Despite the imposing dimensions and a maximum takeoff weight of over 60,000 pounds (27,000 kg), the F-4 had a top speed of Mach 2.23 and an initial climb of over 41,000 ft per minute (210 m/s). Shortly after its introduction, the Phantom set 15 world records, including an absolute speed record of 1,606.342 mph (2,585.086 km/h), and an absolute altitude record of 98,557 ft (30,040 m). Although set in 1959-1962, five of the speed records were not broken until 1975 when the F-15 Eagle came into service.
The F-4 could carry up to 18,650 pounds (8,480 kg) of weapons on nine external hardpoints, including air-to-air and air-to-ground missiles, and unguided, guided, and nuclear bombs. Since the F-8 Crusader was to be used for close combat, the F-4 was designed, like other interceptors of the day, without an internal cannon. In a dogfight, the RIO or WSO (commonly called "backseater" or "pitter") assisted in spotting opposing fighters, visually as well as on radar. It became the primary fighter-bomber of both the Navy and Air Force by the end of the Vietnam War.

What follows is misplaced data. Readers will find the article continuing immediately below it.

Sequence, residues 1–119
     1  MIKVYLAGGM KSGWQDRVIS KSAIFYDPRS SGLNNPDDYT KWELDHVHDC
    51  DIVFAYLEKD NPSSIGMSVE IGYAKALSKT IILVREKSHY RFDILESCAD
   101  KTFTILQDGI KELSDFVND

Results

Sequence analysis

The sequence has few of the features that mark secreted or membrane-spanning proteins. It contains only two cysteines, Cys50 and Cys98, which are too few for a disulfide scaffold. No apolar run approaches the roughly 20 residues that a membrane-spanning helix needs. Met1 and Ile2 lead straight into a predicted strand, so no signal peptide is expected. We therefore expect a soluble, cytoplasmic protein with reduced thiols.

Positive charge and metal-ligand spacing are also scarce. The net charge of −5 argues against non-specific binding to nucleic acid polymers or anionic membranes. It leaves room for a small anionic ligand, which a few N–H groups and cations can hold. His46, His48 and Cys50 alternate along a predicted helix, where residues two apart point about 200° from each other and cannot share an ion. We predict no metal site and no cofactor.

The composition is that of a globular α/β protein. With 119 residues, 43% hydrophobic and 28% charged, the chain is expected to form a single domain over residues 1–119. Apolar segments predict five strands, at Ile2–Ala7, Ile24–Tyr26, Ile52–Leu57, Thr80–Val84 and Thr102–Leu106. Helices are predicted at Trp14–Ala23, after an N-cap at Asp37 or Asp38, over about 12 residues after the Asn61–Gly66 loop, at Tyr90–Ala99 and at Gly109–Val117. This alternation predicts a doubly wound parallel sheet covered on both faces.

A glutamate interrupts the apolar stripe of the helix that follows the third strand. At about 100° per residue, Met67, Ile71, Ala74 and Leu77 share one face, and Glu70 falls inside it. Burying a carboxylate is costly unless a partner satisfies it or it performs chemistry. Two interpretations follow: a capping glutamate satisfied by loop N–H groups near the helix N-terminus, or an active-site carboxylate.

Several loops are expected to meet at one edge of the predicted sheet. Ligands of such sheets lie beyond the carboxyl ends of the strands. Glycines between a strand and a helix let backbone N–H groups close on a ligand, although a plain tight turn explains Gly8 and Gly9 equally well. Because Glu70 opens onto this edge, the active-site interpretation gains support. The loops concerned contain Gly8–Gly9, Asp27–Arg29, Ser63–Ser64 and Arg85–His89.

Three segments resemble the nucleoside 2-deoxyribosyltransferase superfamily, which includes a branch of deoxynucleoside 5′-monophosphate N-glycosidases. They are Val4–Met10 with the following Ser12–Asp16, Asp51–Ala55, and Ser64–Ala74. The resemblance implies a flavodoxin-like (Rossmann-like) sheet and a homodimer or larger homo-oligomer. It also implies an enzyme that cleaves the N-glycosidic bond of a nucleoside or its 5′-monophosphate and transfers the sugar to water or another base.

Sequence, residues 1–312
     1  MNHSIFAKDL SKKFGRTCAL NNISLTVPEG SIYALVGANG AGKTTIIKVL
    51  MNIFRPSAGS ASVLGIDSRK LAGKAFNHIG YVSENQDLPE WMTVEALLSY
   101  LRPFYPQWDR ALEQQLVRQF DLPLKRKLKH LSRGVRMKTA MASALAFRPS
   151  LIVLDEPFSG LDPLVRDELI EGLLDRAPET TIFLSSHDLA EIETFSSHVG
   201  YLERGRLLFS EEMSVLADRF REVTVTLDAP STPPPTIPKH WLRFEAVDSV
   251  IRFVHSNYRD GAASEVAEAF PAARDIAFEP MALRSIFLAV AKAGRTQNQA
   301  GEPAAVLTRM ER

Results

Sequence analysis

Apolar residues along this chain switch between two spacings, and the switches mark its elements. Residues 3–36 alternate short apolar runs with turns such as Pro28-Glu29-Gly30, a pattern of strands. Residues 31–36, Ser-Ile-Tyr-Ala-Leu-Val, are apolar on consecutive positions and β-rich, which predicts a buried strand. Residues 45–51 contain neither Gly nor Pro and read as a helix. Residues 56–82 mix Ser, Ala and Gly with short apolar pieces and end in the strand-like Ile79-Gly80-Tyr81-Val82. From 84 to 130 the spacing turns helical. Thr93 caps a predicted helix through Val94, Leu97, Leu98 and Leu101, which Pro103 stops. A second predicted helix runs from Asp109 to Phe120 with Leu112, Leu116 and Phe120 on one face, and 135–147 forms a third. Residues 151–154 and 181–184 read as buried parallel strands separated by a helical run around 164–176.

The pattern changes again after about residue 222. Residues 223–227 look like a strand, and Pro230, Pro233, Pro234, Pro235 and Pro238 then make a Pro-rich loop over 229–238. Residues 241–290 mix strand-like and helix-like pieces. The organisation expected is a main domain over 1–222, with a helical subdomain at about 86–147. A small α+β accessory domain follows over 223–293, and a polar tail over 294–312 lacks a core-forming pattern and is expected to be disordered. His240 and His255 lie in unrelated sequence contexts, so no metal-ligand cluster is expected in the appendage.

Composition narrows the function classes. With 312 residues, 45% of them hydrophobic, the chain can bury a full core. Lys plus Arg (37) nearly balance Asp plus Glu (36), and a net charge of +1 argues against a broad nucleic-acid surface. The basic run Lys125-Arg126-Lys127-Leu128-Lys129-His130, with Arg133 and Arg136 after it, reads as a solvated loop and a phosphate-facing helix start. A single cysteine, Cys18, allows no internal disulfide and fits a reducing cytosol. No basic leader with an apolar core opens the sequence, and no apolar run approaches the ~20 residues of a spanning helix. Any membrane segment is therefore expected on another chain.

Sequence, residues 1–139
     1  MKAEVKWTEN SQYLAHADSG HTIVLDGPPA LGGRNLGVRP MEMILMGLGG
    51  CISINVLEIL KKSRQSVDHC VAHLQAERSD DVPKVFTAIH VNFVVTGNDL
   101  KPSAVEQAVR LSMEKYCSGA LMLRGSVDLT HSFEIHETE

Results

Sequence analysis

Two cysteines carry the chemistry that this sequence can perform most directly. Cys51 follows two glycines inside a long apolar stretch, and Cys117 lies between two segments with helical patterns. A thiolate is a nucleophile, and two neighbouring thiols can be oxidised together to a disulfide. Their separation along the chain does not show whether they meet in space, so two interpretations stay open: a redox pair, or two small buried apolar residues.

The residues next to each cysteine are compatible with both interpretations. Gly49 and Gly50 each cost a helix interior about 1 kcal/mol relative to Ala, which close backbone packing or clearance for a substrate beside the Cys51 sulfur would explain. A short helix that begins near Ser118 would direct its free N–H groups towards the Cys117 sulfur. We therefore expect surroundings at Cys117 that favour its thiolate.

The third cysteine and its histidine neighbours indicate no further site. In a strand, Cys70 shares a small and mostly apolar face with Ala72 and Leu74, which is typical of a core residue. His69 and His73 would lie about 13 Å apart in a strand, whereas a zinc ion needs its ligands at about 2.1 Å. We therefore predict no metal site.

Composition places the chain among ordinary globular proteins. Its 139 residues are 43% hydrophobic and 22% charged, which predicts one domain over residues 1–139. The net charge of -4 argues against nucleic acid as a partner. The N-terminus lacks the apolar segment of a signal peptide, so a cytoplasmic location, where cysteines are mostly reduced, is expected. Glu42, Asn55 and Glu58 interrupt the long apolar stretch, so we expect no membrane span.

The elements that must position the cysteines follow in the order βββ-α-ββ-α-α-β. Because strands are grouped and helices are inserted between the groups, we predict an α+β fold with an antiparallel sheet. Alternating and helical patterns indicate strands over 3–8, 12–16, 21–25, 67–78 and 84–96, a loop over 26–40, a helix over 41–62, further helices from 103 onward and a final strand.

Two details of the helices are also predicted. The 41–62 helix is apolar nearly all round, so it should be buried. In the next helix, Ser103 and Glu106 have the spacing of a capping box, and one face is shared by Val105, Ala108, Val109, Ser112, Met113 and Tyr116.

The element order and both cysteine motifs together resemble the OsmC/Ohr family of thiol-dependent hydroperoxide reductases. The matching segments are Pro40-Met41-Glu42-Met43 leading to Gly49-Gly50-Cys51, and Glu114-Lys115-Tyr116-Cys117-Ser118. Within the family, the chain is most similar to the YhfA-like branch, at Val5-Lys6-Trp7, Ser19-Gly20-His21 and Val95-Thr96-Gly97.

Due to its distinctive appearance and widespread service with United States military and its allies, the F-4 is one of the best-known icons of the Cold War. It served in the Vietnam War and Arab-Israeli conflicts, with American F-4 crews achieving 277 aerial victories in Southeast Asia and completing countless ground attack sorties.
Pictured here is a stunning 1:72 scale diecast replica of a US Air Force F-4D Phantom II fighter-bomber was piloted by Captain Richard "Steve" Richie, assigned to the 555th TFS, 432nd TFW, based out of Udon, Thailand and participating in Operation Linebacker II during 1972.
Release Date: June 2008
Original Issue Price: $49.99
Historical Account: "The Ritch get Ritcher" - Richard Stephen "Steve" Ritchie volunteered for a second combat tour in 1972 and was assigned to the 432nd Tactical Reconnaissance Wing at Udon RTAFB, Thailand. Flying F-4s with the famed 555th ("Triple Nickel") Tactical Fighter Squadron he shot down his first MiG-21 on 10 May 1972, scored a second victory on May 31st, a third and fourth on July 8, and a fifth on August 28. All of the aircraft he shot down were Mig-21s, and all were shot down by the much-maligned AIM-7 Sparrow radar-guided air-to-air missile. Ritchie became the United States Air Force's first and only pilot ace of the Vietnam War.